Oil prices rose more than 4 percent to a three-week high on Monday, bolstered by growing conviction that major oil producing countries would agree to limit output at a meeting next week.
Brent crude oil briefly touched $49 a barrel. The London benchmark has risen 11 percent in a week since Saudi Arabia, the de facto leader of the Organization of the Petroleum Exporting Countries, started a diplomatic charm offensive to persuade the group's more reluctant members to join its proposed output plan.
In recent days, several OPEC members including Iran, along with non-member Russia, have suggested they were leaning toward a deal to limit output.
"When you've got all of the major players on board with a production cut, obviously you're very close to getting a deal done," said Phil Flynn, senior market analyst at Price Futures Group in Chicago.
"You never know with OPEC — sometimes they go to the last minute and there are a lot of false starts."
Brent crude oil futures were up $2.12, or 4.5 percent, at $48.98 a barrel by 2:28 p.m. ET (1928 GMT), having touched their highest level since Nov. 2, while U.S. West Texas Intermediate (WTI) crude were up $1.73, or 3.7 percent, at $47.42 a barrel.
Goldman Sachs analysts said in a note that chances of an OPEC cut succeeding have increased, and they believe the global oil surplus will shift into a deficit by the middle of next year, which would support prices.
"Our base case now is that an OPEC production cut will be announced and implemented," they wrote. In late September, the brokerage said conditions were not optimal for a cut to work.
Russian Vladimir Putin said he saw no obstacle to non-OPEC member Russia agreeing to freeze oil output, which at more than 11 million barrels per day is at a post-Soviet high.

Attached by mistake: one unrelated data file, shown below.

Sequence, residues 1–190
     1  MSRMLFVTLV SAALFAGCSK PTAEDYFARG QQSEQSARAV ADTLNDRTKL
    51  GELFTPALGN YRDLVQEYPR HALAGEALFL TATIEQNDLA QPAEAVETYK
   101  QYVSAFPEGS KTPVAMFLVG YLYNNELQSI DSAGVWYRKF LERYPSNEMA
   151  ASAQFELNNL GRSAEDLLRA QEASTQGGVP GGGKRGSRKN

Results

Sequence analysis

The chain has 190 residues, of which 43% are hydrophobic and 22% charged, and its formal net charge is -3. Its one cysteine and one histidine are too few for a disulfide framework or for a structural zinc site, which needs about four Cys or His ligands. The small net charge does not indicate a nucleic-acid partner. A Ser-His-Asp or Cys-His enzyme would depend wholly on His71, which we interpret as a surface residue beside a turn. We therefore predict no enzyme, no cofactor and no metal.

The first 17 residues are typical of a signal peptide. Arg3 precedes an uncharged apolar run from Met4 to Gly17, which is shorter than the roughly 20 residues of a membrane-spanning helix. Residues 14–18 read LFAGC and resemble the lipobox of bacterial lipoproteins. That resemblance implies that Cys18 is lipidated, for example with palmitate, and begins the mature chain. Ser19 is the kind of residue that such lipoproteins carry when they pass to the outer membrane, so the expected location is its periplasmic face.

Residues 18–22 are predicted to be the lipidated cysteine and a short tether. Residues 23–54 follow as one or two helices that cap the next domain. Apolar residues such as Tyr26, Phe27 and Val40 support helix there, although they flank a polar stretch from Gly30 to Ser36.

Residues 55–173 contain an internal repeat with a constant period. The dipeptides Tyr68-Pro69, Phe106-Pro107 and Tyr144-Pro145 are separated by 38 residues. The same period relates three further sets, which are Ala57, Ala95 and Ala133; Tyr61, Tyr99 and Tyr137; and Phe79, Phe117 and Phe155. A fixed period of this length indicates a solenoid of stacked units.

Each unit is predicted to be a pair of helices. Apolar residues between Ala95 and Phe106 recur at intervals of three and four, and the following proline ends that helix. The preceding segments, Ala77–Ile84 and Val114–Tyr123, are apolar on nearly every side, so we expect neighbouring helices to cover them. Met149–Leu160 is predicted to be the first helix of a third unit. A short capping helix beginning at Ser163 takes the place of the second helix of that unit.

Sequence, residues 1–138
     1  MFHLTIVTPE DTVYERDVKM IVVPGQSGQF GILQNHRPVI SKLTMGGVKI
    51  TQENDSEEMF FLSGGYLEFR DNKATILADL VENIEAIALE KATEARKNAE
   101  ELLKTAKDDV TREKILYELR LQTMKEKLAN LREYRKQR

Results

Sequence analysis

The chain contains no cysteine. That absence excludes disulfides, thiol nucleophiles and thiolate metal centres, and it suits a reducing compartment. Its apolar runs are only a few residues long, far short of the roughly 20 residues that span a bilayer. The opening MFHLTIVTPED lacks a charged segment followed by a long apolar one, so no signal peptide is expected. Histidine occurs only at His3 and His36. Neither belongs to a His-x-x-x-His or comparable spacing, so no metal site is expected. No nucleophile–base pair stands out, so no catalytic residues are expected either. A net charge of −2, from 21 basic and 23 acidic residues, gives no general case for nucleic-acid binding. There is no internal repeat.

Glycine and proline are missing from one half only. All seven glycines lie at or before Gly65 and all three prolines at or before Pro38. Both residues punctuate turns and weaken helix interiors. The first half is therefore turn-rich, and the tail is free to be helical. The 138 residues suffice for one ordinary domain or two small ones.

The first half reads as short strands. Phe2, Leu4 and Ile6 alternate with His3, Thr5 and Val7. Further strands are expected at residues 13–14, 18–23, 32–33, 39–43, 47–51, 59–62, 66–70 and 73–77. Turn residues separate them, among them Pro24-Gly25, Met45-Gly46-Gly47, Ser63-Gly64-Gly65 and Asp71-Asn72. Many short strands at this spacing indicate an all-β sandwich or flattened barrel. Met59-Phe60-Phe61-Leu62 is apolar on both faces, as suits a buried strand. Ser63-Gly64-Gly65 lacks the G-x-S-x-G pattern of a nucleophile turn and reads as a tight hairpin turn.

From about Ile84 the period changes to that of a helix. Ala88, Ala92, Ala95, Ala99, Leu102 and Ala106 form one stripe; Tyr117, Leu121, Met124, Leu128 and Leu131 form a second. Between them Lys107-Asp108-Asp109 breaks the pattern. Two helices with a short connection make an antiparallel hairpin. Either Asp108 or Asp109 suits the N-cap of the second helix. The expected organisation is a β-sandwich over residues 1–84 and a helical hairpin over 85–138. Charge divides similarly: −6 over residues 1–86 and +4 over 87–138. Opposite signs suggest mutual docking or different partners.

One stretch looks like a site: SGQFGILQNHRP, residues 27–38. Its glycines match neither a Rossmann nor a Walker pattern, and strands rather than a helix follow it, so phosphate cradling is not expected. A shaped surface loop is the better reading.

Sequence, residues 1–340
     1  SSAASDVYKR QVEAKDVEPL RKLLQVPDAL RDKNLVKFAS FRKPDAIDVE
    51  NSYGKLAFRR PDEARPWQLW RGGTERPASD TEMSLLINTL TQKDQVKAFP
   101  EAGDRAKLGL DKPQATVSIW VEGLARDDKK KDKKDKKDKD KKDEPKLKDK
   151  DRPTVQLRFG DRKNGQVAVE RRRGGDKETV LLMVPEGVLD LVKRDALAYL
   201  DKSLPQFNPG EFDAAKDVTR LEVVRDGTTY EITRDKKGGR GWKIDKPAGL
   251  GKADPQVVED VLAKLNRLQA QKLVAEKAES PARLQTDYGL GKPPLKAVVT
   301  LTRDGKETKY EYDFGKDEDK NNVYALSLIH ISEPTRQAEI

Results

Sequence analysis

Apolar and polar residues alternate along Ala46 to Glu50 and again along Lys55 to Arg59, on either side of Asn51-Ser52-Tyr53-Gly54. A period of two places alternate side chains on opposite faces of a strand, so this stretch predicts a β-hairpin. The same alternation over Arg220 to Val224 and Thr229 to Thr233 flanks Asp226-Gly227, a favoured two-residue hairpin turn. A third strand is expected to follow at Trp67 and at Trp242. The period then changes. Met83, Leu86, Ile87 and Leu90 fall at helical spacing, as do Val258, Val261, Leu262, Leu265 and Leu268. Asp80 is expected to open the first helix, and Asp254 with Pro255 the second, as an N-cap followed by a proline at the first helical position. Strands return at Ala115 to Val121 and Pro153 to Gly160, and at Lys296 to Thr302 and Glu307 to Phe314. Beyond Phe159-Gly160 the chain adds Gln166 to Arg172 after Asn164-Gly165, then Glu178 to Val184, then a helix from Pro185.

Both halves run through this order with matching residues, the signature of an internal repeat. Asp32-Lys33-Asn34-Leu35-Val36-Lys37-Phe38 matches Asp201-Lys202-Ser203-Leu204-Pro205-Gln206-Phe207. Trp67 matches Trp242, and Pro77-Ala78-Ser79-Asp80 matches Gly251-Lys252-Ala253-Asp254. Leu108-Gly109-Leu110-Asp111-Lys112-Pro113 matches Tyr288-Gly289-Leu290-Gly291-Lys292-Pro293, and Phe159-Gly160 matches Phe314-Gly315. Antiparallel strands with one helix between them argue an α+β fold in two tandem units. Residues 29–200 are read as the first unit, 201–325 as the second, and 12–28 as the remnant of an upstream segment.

Meanwhile, OPEC members last week proposed a deal for Iran to cap, rather than cut, output.
Iran has been one of the main hurdles facing any output curtailment by OPEC, as Tehran wants exemptions to try to recapture market share lost under years of Western sanctions.
Libya and Nigeria, whose exports have been hampered by violence, have also asked to be left out of any deal. A recovery in production from both countries means the onus to cut rests on Saudi Arabia and its Gulf neighbors.
"While loose terms may be agreed, I remain skeptical that a full detailed agreement can be both achieved and carried out by OPEC given the clear differences that are so evident between certain key members," OANDA markets strategist Craig Erlam said.
Barclays analysts said some form of deal was likely, but warned an agreement could have little impact.
"We expect OPEC to agree to a face-saving statement ... (but) U.S. tight oil producers can grow production at $50-$55 (per barrel) and will capitalize on any opportunity afforded to them by an OPEC cut," the bank said.
Hedge funds raised their net holdings of U.S. crude futures and options for the first time in three weeks in the week to Nov. 15, having delivered one of the largest cuts on record the previous week. The move highlights the nervousness among investors about betting heavily on oil in either direction.